Ropiness of maple syrup is a phenomenon that can occur several times in the season. The alteration known as ÒropinessÓ is characterized by a viscous, thick, slimy/jelly-like texture which, although not noticeably altering the taste, renders the product unpleasant in terms of mouthfeel. The aim of this study was to estimate the economic impact of production of ropy maple syrup in the region of Quebec, to more deeply identify and characterize bacteria associated to this type of quality defect, and to study the composition of Polysaccharides found in stringy maple syrup.
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A common marketing mistake is starting with the tools: social media, labels, or logos. Instead, marketing starts with: the business story, business goals, and identifying customers.
The leaves on the trees are still mostly green and few have fallen. Does this indicate anything for the upcoming sugar season?
Analysis of research into causes of ropy syrup and prevention.
Some maple operations will have compliance requirements under the Preventive Controls for Human Food Rule of the Food Safety Modernization Act or FSMA. Determining where or if your operation falls under this rule is complicated, so our UNH Extension FSMA team has created an online tool that asks you a series of questions and based on your answers tells you where you most likely fall under the rule.
Maple sap is a complex nutrient matrix collected during spring to produce maple syrup. The characteristics of sap change over the production period and its composition directly impacts syrup quality. This variability could in part be attributed to changes in tree metabolism following dormancy release, but little is known about these changes in deciduous trees. Therefore, understanding the variation in sap composition associated with dormancy release could help pinpoint the causes of some defects in maple syrup. In particular, a defect known as ÒbuddyÓ, is an increasing concern for the industry. This off-flavor appears around the time of bud break, hence its name. To investigate sap variation related to bud break and the buddy defect, we monitored sap variation with respect to a dormancy release index (Sbb) and syrup quality. First, we looked at variation in amino acid content during this period. We observed a shift in amino acid relative proportions associated with dormancy release and found that most of them increase rapidly near the point of bud break, correlating with changes in syrup quality. Second, we identified biological processes that respond to variation in maple sap by performing a competition assay using the barcoded Saccharomyces cerevisiae prototroph deletion collection. This untargeted approach revealed that the organic sulfur content may be responsible for the development of the buddy off-flavor, and that dormancy release is necessary for the appearance of the defect, but other factors such as microbial activity may also be contributing.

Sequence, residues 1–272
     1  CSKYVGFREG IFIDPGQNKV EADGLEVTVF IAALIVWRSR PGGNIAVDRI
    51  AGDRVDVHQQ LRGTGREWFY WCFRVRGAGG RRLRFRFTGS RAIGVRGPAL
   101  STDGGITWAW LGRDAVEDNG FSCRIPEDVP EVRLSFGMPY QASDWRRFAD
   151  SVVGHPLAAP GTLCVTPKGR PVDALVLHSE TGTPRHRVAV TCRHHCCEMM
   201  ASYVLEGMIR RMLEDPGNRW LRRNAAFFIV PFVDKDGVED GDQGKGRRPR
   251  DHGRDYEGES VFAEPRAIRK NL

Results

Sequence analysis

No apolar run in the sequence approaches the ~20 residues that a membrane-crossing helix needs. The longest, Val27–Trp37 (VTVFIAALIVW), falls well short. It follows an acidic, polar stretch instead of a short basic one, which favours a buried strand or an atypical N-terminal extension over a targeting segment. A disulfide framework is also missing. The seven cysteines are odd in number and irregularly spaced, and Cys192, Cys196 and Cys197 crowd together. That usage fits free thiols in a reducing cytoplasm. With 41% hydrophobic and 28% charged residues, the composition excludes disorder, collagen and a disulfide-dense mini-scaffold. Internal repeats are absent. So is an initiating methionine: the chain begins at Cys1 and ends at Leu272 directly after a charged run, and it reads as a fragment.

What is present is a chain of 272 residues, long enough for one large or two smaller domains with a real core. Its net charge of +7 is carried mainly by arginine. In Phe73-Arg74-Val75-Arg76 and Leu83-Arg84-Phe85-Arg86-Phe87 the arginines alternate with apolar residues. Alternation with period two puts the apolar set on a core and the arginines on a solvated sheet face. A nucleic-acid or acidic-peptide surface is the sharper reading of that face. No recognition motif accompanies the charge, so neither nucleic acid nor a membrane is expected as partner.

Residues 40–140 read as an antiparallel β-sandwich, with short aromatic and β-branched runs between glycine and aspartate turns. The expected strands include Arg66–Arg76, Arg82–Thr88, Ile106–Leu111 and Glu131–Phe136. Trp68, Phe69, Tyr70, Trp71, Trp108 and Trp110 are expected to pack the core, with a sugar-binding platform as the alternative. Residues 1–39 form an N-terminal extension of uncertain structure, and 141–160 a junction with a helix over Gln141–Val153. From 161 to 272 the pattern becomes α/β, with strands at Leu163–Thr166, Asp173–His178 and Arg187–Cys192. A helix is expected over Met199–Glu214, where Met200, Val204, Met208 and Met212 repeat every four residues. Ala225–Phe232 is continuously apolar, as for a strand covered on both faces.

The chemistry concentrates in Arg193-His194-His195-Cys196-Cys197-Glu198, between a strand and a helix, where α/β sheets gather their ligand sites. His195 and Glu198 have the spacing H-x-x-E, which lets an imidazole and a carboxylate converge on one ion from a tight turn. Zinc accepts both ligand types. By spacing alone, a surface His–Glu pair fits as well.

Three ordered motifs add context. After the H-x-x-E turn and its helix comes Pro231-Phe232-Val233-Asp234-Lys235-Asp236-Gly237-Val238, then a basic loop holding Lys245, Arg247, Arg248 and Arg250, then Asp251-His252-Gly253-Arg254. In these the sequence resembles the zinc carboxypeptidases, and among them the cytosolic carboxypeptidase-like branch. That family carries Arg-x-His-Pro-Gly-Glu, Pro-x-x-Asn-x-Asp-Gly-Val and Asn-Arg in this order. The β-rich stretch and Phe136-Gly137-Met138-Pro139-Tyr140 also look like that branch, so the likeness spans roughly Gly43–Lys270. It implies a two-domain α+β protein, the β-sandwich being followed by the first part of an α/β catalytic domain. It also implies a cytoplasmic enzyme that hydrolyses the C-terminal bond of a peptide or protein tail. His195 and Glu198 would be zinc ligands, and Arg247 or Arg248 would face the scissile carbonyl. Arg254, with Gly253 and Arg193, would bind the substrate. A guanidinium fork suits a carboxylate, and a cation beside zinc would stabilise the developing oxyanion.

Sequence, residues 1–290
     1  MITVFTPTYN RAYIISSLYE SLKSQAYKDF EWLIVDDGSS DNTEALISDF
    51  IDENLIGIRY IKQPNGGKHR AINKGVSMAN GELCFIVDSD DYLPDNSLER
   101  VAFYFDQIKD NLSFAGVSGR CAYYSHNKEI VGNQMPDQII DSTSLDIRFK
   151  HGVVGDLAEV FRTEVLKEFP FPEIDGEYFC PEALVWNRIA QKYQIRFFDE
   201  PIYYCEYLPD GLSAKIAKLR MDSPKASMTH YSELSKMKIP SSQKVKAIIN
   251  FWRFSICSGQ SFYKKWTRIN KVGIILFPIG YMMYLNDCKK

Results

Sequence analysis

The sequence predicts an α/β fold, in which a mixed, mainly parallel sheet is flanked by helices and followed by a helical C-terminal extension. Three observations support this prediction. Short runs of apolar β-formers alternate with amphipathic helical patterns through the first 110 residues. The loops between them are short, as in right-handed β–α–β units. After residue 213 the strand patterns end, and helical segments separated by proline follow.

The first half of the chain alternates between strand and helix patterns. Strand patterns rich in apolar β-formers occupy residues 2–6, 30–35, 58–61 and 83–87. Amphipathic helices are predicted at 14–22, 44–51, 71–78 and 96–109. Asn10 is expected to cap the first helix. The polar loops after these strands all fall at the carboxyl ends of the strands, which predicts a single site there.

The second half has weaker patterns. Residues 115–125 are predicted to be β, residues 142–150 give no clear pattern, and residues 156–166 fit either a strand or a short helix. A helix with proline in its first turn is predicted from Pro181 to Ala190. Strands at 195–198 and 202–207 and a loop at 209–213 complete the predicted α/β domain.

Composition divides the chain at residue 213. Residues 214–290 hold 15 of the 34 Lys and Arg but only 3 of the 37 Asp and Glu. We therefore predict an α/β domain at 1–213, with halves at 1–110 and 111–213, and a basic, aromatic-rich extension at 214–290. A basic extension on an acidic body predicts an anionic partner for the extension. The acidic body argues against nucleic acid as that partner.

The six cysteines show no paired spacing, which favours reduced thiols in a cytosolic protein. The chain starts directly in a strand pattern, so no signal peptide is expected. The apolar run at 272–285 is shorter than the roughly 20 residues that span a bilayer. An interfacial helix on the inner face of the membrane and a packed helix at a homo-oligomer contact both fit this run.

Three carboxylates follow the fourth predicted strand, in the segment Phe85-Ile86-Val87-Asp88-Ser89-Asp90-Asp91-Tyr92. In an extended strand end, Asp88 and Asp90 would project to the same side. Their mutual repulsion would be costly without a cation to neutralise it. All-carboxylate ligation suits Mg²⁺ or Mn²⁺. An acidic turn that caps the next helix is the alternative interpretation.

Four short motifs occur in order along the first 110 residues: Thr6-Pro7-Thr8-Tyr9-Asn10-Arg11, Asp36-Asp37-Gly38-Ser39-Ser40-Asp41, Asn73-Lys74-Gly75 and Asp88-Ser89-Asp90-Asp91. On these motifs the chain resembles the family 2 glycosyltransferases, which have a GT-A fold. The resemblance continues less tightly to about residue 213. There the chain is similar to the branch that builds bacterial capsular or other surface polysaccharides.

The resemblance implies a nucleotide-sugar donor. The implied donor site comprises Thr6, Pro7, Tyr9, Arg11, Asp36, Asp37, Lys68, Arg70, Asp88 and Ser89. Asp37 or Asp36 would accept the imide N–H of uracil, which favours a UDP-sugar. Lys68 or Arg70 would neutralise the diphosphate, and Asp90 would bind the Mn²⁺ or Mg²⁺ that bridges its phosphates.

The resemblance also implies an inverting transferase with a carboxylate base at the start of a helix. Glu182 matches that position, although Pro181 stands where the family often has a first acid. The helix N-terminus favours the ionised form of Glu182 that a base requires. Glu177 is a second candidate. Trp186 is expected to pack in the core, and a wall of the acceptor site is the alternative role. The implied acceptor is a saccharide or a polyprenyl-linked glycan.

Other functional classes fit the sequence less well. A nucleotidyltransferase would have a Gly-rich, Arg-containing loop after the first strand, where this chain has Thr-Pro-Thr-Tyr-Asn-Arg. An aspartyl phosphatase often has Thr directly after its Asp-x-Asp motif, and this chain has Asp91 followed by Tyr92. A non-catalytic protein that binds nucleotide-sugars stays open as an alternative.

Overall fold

Whether you anticipate tapping in your backyard with a half dozen trees or you wish to begin a bit more aggressively with several hundred taps, the core techniques and methods are the same. This guide will introduce you to basic maple tree identification and then prepare you for the basics of tree tapping, time of tapping and the logistics of getting started in the woods.
Consumer interest in local products and functional beverages has increased markedly in recent years. Several beverages composed primarily of maple sap are currently available in the marketplace. These products are sold at ambient temperature, and are considered shelf stable. Prior investigation has demonstrated the need for specialized processing equipment in order to achieve shelf stability of maple sap beverages. The current study investigated the feasibility of producing a refrigerated beverage without the use of commercial processing equipment for small businesses.
The University of Vermont Proctor Maple Research Center and the Cornell Maple Program Arnot Forest conducted a multi-year study examining several common sanitation strategies and assessing the effects on sap yield, attendant costs, and resulting net profits. The following graphs briefly summarize the results of this work.
The tried-and-true value-added maple products include candy and cream, and many producers have taken advantage of these products already. Some have gone further, adding maple products like ice cream, maple cotton candy, and maple-coated popcorn or nuts. More adventurous sugarmakers have begun making additional items, like salad dressings, hot sauces, and dog biscuits.